The warden’s knock also meant that our name would go on a list. I wondered what kind of list it was. Perhaps it was “The Light Leaker’s List.” Was it like teacher’s list? Would there be a later punishment for our escaped light, a light that could easily be used by Hitler, our arch enemy, to find not only our town, but MY HOUSE.

 

There was a muffled conversation with the warden. It was carried on between the tiniest of cracks in the door, as though Hitler, himself, were listening. The door no sooner closed than mom went scurrying to a front room window and tucked furiously at the many layers of material covering the windows.

 

“How could he see that . . . ?” she whispered, as though Hitler really were listening. I, too, wondered how you could see light from windows so carefully covered as ours.

Things settled again, and thereafter, we kept our house as black inside as it was outside. No more visits from wardens who put our names on the light leaker’s list.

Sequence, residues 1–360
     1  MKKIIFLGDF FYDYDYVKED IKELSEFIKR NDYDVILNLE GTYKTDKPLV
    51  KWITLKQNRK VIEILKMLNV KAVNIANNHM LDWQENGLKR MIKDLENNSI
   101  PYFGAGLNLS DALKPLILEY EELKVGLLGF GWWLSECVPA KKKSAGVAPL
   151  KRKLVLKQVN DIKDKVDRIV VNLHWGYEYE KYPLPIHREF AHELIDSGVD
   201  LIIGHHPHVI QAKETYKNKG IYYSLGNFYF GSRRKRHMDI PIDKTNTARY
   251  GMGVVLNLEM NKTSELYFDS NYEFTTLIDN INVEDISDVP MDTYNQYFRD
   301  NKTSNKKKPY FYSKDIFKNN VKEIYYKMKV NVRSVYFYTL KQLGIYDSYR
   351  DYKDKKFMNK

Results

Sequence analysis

But before the lights went down that night in the house at 1210 West Second Street in McCook, NE, I slipped out the back door for a look. It was, as best as I can remember, during the winter of ’43 or ’44. I was about 8 years old.

 

It was a cold winter night without a breath of wind. A light skiff of snow lay across the rooftops of all the darkened houses that I could see. Each roof was illuminated by a winter moon that strode defiantly across a sky so full of stars that I felt I could see back to the beginning of time.

 

We must have been between waves of bombers because it was so quiet that I thought the whole world was holding it’s breath. So, I held mine, and listened.

 

Nowhere did I hear the sound of war. Nowhere did I see a sliver of escaped light that might betray my town, my house, or me. Here, alone, beneath these stars, and this heaven, at this particular moment in time, I felt safe. But deep inside, I knew bad people, somewhere, were doing bad things to other people.

 

After all, evil lurks in the hearts of men. And, turning, I saw my own shadow in the moonlight. I studied it. It moved with me, but always at an angle, and it hugged the ground like a snake. I shivered and went inside, feeling, at last, that I knew what THE SHADOW knows.